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Bebop Spoken There

Piers Paul Read: "Bruce Reynolds and Biggs shared an interest in Sex, Jazz and Hemingway." - (The Train Robbers by Piers Paul Read, Coronet Books 1979.)

George Shearing: "Speaking about Johann Sebastian Bach I think he'd be a real jazzer if he were alive today. I mean any man who has two wives, twenty kids, gets kicked out of the church for being too harmonically radical and drinks beer can't be all wrong can he?" - (Crescendo March 1984.)

Submissions for review

Whilst we appreciate the many emails, texts, messages and other communications we receive requesting album/gig reviews on BSH, regrettably, we are unable to reply to all of them other than those we are able to answer with a positive response.
Similarly, CDs received by post will only be considered if accompanied by sufficient background material.
Finally, bear in mind that this is a jazz-based site when submitting your album.
Lance

Posting a comment

If you experience any problems posting a comment, as I understand some readers are, then email it to me direct, stating which post your comment relates to - lanceliddle@gmail.com. Alternatively, try the Anonymous button but please sign your name!
Apologies for any inconvenience, this is due to circumstances beyond my control.

Today Tuesday July 17

Afternoon

Classic Swing - The Ship, Front St., Monkseaton NE25 8DP. 1pm. Free.

Evening

Northern Monkey Brass Band - Glenholme Park, New Road, Crook DL15 8LN. 6:00-9:00pm. Free. Big BRASS Bash (Durham Brass Festival).

Jam session - Jazz Café, Pink Lane, Newcastle NE1 5DW. Tel: 0191 222 9882. 8:00pm. Free. House trio: Steve Glendinning, Paul Grainger, Rob Walker.

Francis Tulip Quartet - Fox Inn, West End Terrace, Hexham NE46 3DB. Tel: 01434 603681. 8:30pm. Free (donations).

Reel Brass + Shake ‘Em Up Brass Band - Lanchester, Co. Durham DH7. 6:00-9:00pm. Free. Town centre street performance. Durham Brass Festival (Street Ceilidh).

Hokum Hotshots - Royal Northumberland Yacht Club, South Harbour, Blyth NE24 3PB. 7:00pm. £10.00.

To the best of our knowledge, details of the above events are correct but may be subject to alteration.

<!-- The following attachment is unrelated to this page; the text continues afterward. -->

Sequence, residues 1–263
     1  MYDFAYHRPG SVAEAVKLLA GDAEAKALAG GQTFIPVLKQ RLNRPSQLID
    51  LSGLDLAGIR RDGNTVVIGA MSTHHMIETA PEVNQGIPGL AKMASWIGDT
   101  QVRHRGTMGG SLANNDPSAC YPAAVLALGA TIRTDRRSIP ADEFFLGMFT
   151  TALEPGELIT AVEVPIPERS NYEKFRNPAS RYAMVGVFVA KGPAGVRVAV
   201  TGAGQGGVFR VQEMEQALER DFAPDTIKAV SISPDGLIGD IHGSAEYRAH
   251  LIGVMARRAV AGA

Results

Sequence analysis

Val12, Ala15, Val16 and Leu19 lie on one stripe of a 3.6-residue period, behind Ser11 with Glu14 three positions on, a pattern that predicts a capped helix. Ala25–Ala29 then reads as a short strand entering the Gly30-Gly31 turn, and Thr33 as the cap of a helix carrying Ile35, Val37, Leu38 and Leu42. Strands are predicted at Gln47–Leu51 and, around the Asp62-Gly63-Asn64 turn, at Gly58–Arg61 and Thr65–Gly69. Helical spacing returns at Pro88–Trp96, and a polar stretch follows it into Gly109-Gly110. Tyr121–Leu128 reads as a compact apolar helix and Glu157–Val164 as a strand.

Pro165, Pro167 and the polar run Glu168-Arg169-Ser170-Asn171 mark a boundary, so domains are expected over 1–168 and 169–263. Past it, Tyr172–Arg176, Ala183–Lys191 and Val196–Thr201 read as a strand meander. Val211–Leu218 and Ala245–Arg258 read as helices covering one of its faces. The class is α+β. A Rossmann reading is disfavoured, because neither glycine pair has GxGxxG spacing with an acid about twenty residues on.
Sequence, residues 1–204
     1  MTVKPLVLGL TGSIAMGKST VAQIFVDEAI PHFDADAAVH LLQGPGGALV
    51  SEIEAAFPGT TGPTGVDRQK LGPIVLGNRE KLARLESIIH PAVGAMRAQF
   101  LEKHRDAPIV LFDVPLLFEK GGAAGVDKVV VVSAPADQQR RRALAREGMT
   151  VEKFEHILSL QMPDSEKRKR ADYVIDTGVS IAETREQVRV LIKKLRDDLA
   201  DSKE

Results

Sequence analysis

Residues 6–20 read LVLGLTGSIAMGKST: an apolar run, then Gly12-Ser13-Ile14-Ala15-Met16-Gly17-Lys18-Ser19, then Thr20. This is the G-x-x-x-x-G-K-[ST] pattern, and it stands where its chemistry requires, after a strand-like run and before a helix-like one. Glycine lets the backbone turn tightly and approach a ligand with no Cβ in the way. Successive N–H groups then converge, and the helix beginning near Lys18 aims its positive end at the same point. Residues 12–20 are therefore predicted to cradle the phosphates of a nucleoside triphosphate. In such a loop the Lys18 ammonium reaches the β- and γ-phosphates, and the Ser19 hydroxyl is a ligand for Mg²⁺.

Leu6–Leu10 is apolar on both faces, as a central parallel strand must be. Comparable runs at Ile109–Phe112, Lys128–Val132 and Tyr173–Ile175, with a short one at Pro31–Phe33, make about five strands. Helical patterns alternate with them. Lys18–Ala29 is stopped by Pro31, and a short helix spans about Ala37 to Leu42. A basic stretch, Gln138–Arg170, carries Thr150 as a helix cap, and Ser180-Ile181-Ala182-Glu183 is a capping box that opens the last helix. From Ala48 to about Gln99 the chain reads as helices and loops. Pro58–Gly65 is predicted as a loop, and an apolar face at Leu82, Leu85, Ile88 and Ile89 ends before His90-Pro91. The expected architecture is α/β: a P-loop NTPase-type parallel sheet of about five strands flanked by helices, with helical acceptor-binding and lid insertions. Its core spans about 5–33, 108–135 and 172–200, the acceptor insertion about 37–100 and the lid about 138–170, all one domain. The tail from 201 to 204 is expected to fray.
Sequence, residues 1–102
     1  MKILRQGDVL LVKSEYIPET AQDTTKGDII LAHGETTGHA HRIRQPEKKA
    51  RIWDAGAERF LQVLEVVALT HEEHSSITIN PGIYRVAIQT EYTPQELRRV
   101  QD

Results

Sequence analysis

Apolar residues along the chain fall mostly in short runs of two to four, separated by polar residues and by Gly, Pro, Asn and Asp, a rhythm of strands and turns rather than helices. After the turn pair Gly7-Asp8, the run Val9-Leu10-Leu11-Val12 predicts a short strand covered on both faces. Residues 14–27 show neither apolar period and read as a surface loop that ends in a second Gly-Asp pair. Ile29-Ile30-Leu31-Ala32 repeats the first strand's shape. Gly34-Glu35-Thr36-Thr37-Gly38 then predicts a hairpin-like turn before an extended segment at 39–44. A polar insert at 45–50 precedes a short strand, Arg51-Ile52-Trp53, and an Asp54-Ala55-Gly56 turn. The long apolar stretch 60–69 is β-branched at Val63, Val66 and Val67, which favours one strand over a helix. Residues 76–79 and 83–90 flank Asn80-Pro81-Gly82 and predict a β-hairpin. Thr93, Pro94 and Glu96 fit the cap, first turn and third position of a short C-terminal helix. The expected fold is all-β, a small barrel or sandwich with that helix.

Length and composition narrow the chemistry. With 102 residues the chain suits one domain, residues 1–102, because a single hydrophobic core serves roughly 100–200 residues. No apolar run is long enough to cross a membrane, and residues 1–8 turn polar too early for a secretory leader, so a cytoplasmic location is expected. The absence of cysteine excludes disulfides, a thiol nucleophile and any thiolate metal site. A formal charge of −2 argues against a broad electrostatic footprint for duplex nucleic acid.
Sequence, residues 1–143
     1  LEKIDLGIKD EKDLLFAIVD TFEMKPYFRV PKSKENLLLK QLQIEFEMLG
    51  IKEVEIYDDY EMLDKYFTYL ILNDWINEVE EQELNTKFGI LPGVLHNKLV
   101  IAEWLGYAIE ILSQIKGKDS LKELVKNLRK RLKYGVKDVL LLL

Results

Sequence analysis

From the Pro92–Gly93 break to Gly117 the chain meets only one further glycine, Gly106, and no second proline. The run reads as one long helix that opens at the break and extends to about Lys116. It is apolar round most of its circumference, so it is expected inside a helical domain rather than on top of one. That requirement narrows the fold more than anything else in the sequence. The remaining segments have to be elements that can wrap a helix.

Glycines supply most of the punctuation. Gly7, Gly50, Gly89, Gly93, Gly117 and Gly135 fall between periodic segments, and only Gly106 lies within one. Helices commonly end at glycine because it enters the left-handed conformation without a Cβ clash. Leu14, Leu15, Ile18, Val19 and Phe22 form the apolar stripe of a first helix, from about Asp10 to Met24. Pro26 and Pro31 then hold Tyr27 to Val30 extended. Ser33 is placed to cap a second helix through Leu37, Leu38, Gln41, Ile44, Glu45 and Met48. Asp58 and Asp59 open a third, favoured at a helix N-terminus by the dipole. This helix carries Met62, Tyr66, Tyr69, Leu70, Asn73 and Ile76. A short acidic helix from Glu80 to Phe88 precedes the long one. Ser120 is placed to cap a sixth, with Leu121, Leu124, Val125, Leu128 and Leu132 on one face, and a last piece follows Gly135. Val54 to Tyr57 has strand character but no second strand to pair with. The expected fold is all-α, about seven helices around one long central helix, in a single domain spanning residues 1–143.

Saturday, April 02, 2016

Soundbone @ The Jazz Café. April 1

Chris Grieve (trombone & electronics), Graeme Stephen (guitar & loops) & David Carnegie (drums)
(Review by Russell/photo courtesy of Mike Tilley)
A fleet of trucks, three executive tour buses and a road crew working around the clock to ensure the show would start on time. The band arrived by executive helicopter, a limo on the tarmac to whisk them to the venue. Fans queued around the block, stage door security tight, this promised to be some gig.
And so it was…autumn 1972, Newcastle City Hall, Led Zeppelin. Black Dog, Dazed and Confused, Whole Lotta Love. Fast forward to spring 2016, Zeppelin were in town again at the Jazz Café. This time the boys arrived by car, carried their gear upstairs, soundchecked then went for a pint. Grieve, Stephen and Carnegie are Soundbone.  Soundbone plays Led Zep is the gig. Three jazz musicians playing heavy rock, an unlikely prospect, potentially a horror show. No fear of that. Black Dog, the first tune of the night and, perhaps, the best of the night. Grieve, Stephen and Carnegie are top flight players and this ‘project’ is a fun occasion revisiting the back catalogue of the behemoth that was Led Zeppelin. Zillions of watts condensed; processed via a twenty-first century box of tricks on the floor, the music of Soundbone is a rearrangement of familiar riffs. Drummer David Carnegie, once of this parish, did John Bonham proud on a monstrous Moby Dick. DC arranged Misty Mountain Hop and the trio closed the first set with a sprawling Communication Breakdown.
The trombone, electronics and vocals of unlikely front man Chris Grieve provided a jazz and rock audience – the Led Zep tag an attraction for some – a focal point. Solos, such as they were, traded with the undemonstrative Graeme Stephen. The seated guitarist played another blinder. Seen and heard in various combos – NeWt, Breach and Celtic outfits – a more self-effacing musician you couldn’t wish to meet. This Soundbone gig found him in tremendous form; improviser, rhythm meister, rocking out. Immigrant Song, Heartbreaker, the West Coast hippie trailblazer Going to California, the audience knew them all. Chris Grieve detached his clip mic to vocally devour Living Loving Maid (She’s Just a Woman) to end a marvellous evening. The missing Zeppelin fans would have got this – heavy rock reworked (Zeppelin were a blues band in essence), the tunes largely intact, so, what’s not to like? The Soundbone boys are busy people. Their Led Zeppelin set is an oh so rare gig, so, the next time they’re in town, be there.           
Russell.

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Bebop Spoken Here -- Here, being the north-east of England -- centred in the blues heartland of Newcastle and reaching down to the Tees Delta and looking upwards to the Land of the Kilt.
Not a very original title, I know; not even an accurate one as my taste, whilst centred around the music of Bird and Diz, extends in many directions and I listen to everything from King Oliver to Chick Corea and beyond. Not forgetting the Great American Songbook the contents of which has provided the inspiration for much great jazz and quality popular singing for round about a century.
The idea of this blog is for you to share your thoughts and pass on your comments on discs, gigs, jazz - music in general. If you've been to a gig/concert or heard a CD that knocked you sideways please share your views with us. Tell us about your favourites, your memories, your dislikes.
Lance (Who wishes it to be known that he is not responsible for postings other than his own and that he's not always responsible for them.)
Contact: lanceliddle@gmail.com I look forward to hearing from you.

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